Saturday, November 14, 2009

pathological changes associated with 2009 "h1n1" virus

NEJM | Between April 23, 2009, and May 15, 2009, we performed 15 autopsies on deceased patients in whom probable influenza had been diagnosed either clinically or macroscopically. Small samples of lung tissue were obtained and taken for analysis to the Institute of Epidemiological Diagnosis and Reference in Mexico City. Five infections with the 2009 pandemic influenza A (H1N1) virus were confirmed with the use of a real-time reverse-transcriptase–polymerase-chain-reaction assay, after it was determined that these patients were seronegative for influenza B virus, respiratory syncytial virus, parainfluenza virus (types 1, 2, and 3), and adenovirus.1 From these five patients, organ samples were collected, fixed in 10% formalin, embedded in paraffin, and stained with hematoxylin and eosin. In the remaining 10 patients in whom the 2009 H1N1 virus was not detected, histopathological analyses identified bacterial pneumonia.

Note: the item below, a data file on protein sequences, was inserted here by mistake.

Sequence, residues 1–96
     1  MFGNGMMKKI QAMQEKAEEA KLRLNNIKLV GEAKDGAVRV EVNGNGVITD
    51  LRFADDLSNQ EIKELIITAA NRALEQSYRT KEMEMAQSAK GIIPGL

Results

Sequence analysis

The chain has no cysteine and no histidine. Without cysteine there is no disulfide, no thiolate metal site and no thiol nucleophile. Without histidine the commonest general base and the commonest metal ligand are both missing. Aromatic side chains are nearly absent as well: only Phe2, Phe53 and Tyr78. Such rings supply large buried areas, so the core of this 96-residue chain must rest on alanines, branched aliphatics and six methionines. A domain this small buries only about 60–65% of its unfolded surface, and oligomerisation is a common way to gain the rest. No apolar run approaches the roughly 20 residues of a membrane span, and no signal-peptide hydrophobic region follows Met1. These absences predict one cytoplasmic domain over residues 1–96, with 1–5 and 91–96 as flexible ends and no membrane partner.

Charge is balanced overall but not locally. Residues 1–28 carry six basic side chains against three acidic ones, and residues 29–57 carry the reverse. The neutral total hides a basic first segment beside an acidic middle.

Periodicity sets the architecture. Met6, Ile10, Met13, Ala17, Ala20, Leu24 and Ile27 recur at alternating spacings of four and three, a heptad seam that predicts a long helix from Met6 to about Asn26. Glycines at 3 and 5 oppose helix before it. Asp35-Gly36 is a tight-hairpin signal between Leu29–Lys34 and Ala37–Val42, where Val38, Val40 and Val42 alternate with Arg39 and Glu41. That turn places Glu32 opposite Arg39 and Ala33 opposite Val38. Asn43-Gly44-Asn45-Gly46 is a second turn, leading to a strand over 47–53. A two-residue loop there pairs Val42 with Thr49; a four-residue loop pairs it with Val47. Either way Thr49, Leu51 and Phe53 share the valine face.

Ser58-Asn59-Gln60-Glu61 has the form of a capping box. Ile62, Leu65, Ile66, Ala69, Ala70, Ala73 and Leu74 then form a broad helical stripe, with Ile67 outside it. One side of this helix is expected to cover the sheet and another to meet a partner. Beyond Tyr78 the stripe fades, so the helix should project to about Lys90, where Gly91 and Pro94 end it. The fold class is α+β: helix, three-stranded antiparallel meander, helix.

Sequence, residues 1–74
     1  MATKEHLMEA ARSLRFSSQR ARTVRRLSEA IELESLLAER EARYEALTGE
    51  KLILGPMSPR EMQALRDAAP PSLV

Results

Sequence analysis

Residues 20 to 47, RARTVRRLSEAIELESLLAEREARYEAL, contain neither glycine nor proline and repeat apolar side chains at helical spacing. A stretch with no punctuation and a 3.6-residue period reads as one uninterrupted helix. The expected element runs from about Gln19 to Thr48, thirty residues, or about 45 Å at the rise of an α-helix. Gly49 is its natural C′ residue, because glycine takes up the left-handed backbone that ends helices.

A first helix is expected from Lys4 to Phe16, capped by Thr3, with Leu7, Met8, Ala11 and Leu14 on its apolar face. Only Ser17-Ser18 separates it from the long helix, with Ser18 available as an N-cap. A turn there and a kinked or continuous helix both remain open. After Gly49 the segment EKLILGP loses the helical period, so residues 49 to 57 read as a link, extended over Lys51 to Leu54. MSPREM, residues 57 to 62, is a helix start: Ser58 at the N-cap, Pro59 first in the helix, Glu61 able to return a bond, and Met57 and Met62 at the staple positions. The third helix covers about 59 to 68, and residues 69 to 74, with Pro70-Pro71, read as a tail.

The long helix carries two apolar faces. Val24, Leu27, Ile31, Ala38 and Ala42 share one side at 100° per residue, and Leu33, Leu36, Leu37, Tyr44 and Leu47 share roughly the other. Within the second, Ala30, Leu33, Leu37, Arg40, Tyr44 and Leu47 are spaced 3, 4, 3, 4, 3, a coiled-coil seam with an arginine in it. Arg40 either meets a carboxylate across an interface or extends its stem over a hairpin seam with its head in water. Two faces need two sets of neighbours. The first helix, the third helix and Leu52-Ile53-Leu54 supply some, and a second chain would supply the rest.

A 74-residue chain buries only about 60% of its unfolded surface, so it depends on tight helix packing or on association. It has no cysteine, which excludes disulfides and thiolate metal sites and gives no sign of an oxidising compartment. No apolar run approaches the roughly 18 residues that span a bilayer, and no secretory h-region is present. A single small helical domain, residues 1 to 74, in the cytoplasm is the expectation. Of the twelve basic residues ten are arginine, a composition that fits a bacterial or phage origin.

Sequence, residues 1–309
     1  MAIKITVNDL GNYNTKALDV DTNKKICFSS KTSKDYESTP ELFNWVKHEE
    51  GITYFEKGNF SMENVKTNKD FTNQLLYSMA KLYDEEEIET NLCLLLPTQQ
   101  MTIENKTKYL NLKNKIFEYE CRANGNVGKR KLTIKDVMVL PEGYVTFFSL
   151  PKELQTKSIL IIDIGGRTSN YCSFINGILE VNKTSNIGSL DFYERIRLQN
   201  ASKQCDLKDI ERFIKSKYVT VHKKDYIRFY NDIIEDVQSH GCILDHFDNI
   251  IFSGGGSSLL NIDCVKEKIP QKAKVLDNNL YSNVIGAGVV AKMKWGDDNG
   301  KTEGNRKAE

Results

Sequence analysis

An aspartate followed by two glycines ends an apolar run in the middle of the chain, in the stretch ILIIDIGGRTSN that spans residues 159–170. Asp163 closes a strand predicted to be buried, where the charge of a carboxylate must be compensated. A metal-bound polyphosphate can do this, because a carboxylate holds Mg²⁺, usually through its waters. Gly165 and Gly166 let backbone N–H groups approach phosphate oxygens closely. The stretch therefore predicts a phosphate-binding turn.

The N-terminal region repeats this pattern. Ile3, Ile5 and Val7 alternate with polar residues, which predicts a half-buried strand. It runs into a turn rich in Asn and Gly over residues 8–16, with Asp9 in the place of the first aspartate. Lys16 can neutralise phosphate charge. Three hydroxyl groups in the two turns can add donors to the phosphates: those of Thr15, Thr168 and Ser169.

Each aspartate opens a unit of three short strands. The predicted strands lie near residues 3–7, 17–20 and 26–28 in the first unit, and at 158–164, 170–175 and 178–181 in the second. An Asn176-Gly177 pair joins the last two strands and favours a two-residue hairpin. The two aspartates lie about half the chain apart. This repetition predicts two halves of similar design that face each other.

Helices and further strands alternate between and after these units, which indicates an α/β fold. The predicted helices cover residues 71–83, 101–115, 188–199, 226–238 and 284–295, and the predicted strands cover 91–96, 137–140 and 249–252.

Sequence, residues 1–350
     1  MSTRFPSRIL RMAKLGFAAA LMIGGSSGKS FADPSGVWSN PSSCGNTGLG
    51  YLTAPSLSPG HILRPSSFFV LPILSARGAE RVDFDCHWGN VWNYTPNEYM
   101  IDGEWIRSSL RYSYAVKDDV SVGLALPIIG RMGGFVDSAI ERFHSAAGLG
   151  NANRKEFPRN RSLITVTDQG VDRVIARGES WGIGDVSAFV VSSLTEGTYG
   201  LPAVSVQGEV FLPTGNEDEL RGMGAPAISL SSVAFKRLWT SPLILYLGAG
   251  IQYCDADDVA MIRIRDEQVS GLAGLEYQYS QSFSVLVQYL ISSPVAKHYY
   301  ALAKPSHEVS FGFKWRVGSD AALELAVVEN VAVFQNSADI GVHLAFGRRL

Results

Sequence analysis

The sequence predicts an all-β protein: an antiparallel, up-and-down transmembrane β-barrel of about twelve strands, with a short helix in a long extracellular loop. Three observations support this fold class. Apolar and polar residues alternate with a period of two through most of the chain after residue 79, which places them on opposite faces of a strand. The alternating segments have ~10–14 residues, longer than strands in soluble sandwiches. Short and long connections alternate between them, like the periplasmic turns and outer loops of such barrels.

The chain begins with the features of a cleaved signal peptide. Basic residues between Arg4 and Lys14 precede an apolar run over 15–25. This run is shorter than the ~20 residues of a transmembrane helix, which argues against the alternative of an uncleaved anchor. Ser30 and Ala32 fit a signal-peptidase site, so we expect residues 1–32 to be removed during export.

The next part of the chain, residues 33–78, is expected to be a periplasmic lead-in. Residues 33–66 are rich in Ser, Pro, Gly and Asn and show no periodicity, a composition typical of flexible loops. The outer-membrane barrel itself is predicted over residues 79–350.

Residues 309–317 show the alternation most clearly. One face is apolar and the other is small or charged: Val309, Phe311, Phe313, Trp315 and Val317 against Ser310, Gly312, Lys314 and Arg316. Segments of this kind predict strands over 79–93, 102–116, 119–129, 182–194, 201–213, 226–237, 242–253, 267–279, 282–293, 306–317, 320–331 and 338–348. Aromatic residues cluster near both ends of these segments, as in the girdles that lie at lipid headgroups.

All five patients with diagnosed 2009 H1N1 influenza had been residents of Mexico City. Four of them were young adults (ages 22, 26, 28, and 37 years) who were hospitalized with the presumptive diagnosis of influenza. These patients were initially treated with antibiotics for bacterial pneumonia. The fifth patient was an 83-year-old woman with a diagnosis of cerebral hemorrhage, who had no clinical signs of influenza but showed characteristics of hemorrhagic pneumonia on macroscopic evaluation. The patients had died 7 to 13 days after the onset of influenza symptoms.

On autopsy for all five patients, the right and left lungs had increased in weight (650 to 1200 g for each lung; normal, 450 g) and had a solid consistency (see Fig. 1 in the Supplementary Appendix, available with the full text of this letter at In four patients, zones of edema, hemorrhage, or necrosis were observed in the upper respiratory tract on the internal surface of the larynx and trachea, as reported in previous cases of seasonal influenza.2,3 All five patients showed evidence of pulmonary damage and signs of acute interstitial lesions, as noted in patients with avian influenza A (H5N1) virus infection.3,4


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